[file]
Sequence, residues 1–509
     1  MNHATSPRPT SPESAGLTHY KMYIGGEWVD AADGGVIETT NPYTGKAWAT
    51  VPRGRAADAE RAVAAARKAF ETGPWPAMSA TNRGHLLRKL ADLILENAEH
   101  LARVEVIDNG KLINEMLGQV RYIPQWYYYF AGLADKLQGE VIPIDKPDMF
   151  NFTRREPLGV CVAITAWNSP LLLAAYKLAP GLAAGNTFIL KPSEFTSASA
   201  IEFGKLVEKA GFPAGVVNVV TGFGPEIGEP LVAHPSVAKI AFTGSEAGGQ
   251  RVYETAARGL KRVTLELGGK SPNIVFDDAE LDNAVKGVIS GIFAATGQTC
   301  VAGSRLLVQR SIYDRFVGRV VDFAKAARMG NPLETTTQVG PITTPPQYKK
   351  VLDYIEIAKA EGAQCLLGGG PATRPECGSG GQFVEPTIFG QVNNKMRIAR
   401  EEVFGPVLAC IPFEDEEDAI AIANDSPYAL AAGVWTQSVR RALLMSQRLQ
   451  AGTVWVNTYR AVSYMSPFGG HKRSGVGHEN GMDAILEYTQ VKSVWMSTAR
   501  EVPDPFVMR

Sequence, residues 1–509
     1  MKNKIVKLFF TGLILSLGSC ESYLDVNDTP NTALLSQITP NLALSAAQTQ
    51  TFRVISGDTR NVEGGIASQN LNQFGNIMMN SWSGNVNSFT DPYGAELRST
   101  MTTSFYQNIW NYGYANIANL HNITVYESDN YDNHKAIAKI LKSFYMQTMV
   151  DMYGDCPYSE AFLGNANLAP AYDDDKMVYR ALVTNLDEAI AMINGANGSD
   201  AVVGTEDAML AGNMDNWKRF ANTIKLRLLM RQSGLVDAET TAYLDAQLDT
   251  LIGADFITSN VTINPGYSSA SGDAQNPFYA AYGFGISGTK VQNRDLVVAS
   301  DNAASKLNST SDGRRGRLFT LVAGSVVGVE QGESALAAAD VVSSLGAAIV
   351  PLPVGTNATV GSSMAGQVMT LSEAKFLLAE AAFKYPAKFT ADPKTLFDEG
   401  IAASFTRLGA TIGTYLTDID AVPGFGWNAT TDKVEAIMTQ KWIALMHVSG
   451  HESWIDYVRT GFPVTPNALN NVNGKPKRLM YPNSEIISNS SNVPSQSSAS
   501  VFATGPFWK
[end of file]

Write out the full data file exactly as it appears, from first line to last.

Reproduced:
Sequence, residues 1–509
     1  MNHATSPRPT SPESAGLTHY KMYIGGEWVD AADGGVIETT NPYTGKAWAT
    51  VPRGRAADAE RAVAAARKAF ETGPWPAMSA TNRGHLLRKL ADLILENAEH
   101  LARVEVIDNG KLINEMLGQV RYIPQWYYYF AGLADKLQGE VIPIDKPDMF
   151  NFTRREPLGV CVAITAWNSP LLLAAYKLAP GLAAGNTFIL KPSEFTSASA
   201  IEFGKLVEKA GFPAGVVNVV TGFGPEIGEP LVAHPSVAKI AFTGSEAGGQ
   251  RVYETAARGL KRVTLELGGK SPNIVFDDAE LDNAVKGVIS GIFAATGQTC
   301  VAGSRLLVQR SIYDRFVGRV VDFAKAARMG NPLETTTQVG PITTPPQYKK
   351  VLDYIEIAKA EGAQCLLGGG PATRPECGSG GQFVEPTIFG QVNNKMRIAR
   401  EEVFGPVLAC IPFEDEEDAI AIANDSPYAL AAGVWTQSVR RALLMSQRLQ
   451  AGTVWVNTYR AVSYMSPFGG HKRSGVGHEN GMDAILEYTQ VKSVWMSTAR
   501  EVPDPFVMR

Sequence, residues 1–509
     1  MKNKIVKLFF TGLILSLGSC ESYLDVNDTP NTALLSQITP NLALSAAQTQ
    51  TFRVISGDTR NVEGGIASQN LNQFGNIMMN SWSGNVNSFT DPYGAELRST
   101  MTTSFYQNIW NYGYANIANL HNITVYESDN YDNHKAIAKI LKSFYMQTMV
   151  DMYGDCPYSE AFLGNANLAP AYDDDKMVYR ALVTNLDEAI AMINGANGSD
   201  AVVGTEDAML AGNMDNWKRF ANTIKLRLLM RQSGLVDAET TAYLDAQLDT
   251  LIGADFITSN VTINPGYSSA SGDAQNPFYA AYGFGISGTK VQNRDLVVAS
   301  DNAASKLNST SDGRRGRLFT LVAGSVVGVE QGESALAAAD VVSSLGAAIV
   351  PLPVGTNATV GSSMAGQVMT LSEAKFLLAE AAFKYPAKFT ADPKTLFDEG
   401  IAASFTRLGA TIGTYLTDID AVPGFGWNAT TDKVEAIMTQ KWIALMHVSG
   451  HESWIDYVRT GFPVTPNALN NVNGKPKRLM YPNSEIISNS SNVPSQSSAS
   501  VFATGPFWK